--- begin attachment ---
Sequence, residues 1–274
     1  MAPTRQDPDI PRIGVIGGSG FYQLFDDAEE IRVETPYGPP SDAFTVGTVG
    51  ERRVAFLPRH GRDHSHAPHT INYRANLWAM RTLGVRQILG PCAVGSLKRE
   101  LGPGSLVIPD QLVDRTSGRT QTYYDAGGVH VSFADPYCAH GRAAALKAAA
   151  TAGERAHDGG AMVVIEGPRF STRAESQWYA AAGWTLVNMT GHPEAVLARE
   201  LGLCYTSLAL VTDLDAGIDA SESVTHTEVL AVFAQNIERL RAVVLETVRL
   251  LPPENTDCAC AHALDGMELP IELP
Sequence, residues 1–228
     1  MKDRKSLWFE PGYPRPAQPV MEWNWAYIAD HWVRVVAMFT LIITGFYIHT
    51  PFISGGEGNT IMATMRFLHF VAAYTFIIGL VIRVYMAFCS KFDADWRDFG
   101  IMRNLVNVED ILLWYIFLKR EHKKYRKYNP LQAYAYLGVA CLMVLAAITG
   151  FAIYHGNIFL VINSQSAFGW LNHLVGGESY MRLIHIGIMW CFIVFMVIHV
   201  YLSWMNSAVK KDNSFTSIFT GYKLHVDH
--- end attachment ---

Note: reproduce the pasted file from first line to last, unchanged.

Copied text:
Sequence, residues 1–274
     1  MAPTRQDPDI PRIGVIGGSG FYQLFDDAEE IRVETPYGPP SDAFTVGTVG
    51  ERRVAFLPRH GRDHSHAPHT INYRANLWAM RTLGVRQILG PCAVGSLKRE
   101  LGPGSLVIPD QLVDRTSGRT QTYYDAGGVH VSFADPYCAH GRAAALKAAA
   151  TAGERAHDGG AMVVIEGPRF STRAESQWYA AAGWTLVNMT GHPEAVLARE
   201  LGLCYTSLAL VTDLDAGIDA SESVTHTEVL AVFAQNIERL RAVVLETVRL
   251  LPPENTDCAC AHALDGMELP IELP
Sequence, residues 1–228
     1  MKDRKSLWFE PGYPRPAQPV MEWNWAYIAD HWVRVVAMFT LIITGFYIHT
    51  PFISGGEGNT IMATMRFLHF VAAYTFIIGL VIRVYMAFCS KFDADWRDFG
   101  IMRNLVNVED ILLWYIFLKR EHKKYRKYNP LQAYAYLGVA CLMVLAAITG
   151  FAIYHGNIFL VINSQSAFGW LNHLVGGESY MRLIHIGIMW CFIVFMVIHV
   201  YLSWMNSAVK KDNSFTSIFT GYKLHVDH